Certainly the Ravens understand they must stop the run. It’s the strength of their opponent (NYG) and they have been extremely successful in doing just that for nine weeks (1st on 1st down 2.84 per & 1st overall 65.4 yards/game). KEY #4 will be stopping the trio of Steve Smith, Plaxico Burress & Amani Toomer.

 

Manning does a solid job in spreading the ball around to these three and each is capable of having a “big game” if left unattended. CB Samari Rolle has nursed a neck injury this week and both Fabian Washington & Frank Walker will be called upon heavily to shut down the Giant receivers.

 

In addition the inherent pressure generated by the Raven defense will play key in helping out their secondary. Manning is 30th in passer rating in the face of the blitz (56.56). Though he takes few sacks (11 this season) he can be flustered into mistakes and will hurry his throws. Baltimore has 14 picks on the season and will drop coverage from all over with their front 7 to confuse & disguise.

 

But where they’ve been suspect is downfield. Opposing QB’s are passing at 107.7 on throws of 21+ “air yards” and they’ve given up 25 passes of 20+. With a nicked up secondary, look for Manning to stretch the Ravens a bit more than usual.

 

KEY #5 is Baltimore’s Matt Stover. In a close game for all the reasons discussed above, points will be at a premium. Stover has hit on only 2 of 6 field goals beyond 40 yards (which might create further opportunities for rookie Steve Hauschka, who nailed a 54-yarder last week in his debut). The Giants sit #2 in the NFL in red zone drives allowed (19). Despite the point totals put up over the past month, this is not the defense of their previous four opponents. Baltimore must take advantage of every scoring opportunity it can create, including long “3’s” from Stover or the rookie.

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YEs,, great in depth!!! or he could be pulling #'s outta his ass. as we're all too lazy to look at it ourselves. anyway, does Frank Walker used to play for us??. that name rings a bill...

 

 

anyways, i'm heading to the game tomorrow guys!!!!! let's go BLUE!!!!

 

 

Frank Walker

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I am not impressed by the Ravens. And some of our low run numbers can be attributed to Gilbride's ignoring of the ground game at critical points. Pittsburgh had a far better defense than the Dirty Birds and I am looking for a good game on both sides of the ball for us.

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This is going to be an old school football game... The tougher team on the field is going to win. It is time for the O-line to earn the credit people have been giving it so far. I know Ray Lewis is an all word tough guy and fantastic tackler, but if he is making a lot of tackles in the second level of the defense the Giants will grind out a victory. If he is able to make contact with the RB's at or behind the line of scrimmage this will be a long day for BJ and the boys..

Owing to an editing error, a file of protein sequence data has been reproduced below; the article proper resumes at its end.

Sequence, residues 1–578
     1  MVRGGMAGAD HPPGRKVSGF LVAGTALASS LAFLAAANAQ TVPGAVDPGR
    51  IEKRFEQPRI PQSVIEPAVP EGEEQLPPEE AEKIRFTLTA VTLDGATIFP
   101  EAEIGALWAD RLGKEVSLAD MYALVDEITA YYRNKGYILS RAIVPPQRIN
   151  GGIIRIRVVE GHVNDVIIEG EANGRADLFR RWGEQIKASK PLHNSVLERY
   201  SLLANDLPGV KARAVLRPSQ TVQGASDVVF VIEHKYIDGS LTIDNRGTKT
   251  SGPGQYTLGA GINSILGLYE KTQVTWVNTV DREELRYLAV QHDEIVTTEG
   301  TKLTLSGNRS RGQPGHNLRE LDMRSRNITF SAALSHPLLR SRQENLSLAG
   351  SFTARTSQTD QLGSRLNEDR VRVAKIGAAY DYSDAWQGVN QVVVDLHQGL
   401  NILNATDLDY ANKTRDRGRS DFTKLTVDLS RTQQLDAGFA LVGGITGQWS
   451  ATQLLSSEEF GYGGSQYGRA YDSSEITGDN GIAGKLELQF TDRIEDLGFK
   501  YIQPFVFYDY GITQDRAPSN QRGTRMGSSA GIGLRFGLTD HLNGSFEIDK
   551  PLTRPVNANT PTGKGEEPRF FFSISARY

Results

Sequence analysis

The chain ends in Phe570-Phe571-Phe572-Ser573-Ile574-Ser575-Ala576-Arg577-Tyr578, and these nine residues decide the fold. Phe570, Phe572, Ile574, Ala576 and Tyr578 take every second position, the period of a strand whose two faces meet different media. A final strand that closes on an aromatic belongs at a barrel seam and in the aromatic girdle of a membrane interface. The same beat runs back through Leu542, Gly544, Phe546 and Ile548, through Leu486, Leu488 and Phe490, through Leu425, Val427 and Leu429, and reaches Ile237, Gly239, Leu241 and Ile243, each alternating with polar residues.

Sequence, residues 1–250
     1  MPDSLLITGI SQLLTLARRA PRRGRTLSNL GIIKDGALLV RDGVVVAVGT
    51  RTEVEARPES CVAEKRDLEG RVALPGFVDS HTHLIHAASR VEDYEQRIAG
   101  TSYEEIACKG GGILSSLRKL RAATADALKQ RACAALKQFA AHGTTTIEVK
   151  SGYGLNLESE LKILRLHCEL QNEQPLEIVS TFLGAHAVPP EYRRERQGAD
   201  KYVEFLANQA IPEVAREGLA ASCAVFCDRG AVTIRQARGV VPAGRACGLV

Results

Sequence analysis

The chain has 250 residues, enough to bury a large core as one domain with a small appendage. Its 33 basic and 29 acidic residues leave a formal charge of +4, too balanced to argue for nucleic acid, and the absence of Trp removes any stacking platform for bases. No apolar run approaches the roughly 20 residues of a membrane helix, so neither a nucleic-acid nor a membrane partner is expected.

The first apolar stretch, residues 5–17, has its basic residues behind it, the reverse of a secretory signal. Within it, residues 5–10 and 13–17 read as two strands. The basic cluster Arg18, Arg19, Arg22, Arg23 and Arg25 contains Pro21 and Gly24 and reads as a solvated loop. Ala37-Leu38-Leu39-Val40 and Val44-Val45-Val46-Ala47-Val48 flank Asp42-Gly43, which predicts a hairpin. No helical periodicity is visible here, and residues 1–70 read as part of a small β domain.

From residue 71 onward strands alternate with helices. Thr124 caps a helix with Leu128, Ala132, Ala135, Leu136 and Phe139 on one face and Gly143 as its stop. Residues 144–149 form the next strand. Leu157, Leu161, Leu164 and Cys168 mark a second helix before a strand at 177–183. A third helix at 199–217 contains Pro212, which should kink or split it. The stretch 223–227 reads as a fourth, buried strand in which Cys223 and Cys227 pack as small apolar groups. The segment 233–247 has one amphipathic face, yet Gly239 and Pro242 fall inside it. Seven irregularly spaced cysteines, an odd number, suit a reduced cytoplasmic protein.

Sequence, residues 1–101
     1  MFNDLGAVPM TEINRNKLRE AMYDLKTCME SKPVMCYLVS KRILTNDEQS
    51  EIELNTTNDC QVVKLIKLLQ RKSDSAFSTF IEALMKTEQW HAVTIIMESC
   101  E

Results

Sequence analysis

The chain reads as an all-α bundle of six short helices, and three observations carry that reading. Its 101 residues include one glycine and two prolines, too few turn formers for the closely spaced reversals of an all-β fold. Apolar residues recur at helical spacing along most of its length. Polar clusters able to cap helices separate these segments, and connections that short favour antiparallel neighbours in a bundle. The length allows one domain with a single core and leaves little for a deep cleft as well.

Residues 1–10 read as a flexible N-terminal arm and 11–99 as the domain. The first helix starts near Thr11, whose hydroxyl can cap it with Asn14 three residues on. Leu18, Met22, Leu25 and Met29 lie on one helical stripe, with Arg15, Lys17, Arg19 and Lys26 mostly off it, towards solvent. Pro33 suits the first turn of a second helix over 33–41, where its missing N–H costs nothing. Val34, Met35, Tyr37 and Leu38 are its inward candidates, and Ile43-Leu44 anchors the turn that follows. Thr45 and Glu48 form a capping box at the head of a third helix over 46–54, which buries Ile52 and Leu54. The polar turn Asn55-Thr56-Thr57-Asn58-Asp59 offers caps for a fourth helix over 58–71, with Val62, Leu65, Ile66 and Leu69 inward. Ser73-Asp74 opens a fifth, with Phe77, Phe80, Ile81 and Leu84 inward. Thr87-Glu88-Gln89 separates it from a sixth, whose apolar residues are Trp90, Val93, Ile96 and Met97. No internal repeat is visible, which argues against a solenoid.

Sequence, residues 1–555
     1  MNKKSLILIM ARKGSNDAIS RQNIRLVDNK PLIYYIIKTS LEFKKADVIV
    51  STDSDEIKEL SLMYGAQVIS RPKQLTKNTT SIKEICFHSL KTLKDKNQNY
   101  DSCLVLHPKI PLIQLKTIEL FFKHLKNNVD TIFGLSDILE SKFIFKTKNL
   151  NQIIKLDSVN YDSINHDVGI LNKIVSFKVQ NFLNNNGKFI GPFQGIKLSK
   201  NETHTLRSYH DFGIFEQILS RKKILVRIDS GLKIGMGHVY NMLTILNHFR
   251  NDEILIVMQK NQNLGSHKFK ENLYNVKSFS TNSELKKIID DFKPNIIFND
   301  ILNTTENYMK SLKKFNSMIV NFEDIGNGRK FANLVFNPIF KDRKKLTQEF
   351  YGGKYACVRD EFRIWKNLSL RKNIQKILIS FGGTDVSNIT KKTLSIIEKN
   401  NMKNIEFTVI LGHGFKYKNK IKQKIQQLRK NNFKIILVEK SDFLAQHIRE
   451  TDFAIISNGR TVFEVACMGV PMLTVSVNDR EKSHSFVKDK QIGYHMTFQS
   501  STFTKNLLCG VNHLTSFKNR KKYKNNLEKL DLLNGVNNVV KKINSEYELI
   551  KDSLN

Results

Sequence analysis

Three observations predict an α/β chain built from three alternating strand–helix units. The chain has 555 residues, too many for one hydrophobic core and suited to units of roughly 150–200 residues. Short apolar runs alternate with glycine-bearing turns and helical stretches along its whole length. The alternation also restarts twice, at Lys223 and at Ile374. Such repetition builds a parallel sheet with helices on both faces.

One thing that this article does not show that was pointed out on NFC Playbook, is that the Ravens secondary is suspect to the big play, especially if they are committing a safety to stuff the run.

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YEs,, great in depth!!! or he could be pulling #'s outta his ass. as we're all too lazy to look at it ourselves. anyway, does Frank Walker used to play for us??. that name rings a bill...

 

 

anyways, i'm heading to the game tomorrow guys!!!!! let's go BLUE!!!!

 

If it's the same Frank Walker, then yea.

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This is going to be an old school football game... The tougher team on the field is going to win. It is time for the O-line to earn the credit people have been giving it so far. I know Ray Lewis is an all word tough guy and fantastic tackler, but if he is making a lot of tackles in the second level of the defense the Giants will grind out a victory. If he is able to make contact with the RB's at or behind the line of scrimmage this will be a long day for BJ and the boys..

 

One thing that this article does not show that was pointed out on NFC Playbook, is that the Ravens secondary is suspect to the big play, especially if they are committing a safety to stuff the run.

 

Boss or Hedgecock should be seeking Ray Lewis and neutralize him before he gets to the RB.

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Ray Lewis, the king of making tackles 7 yards down the line of scrimmage and

then acting like a 9 year old.

 

To his credit, he's matured a great deal since that dreaded Super Bowl. He sounds a lot more grounded than before.

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To his credit, he's matured a great deal since that dreaded Super Bowl. He sounds a lot more grounded than before.

 

 

I still think he's a giant douche though. And what I said has nothing to do with him being mature,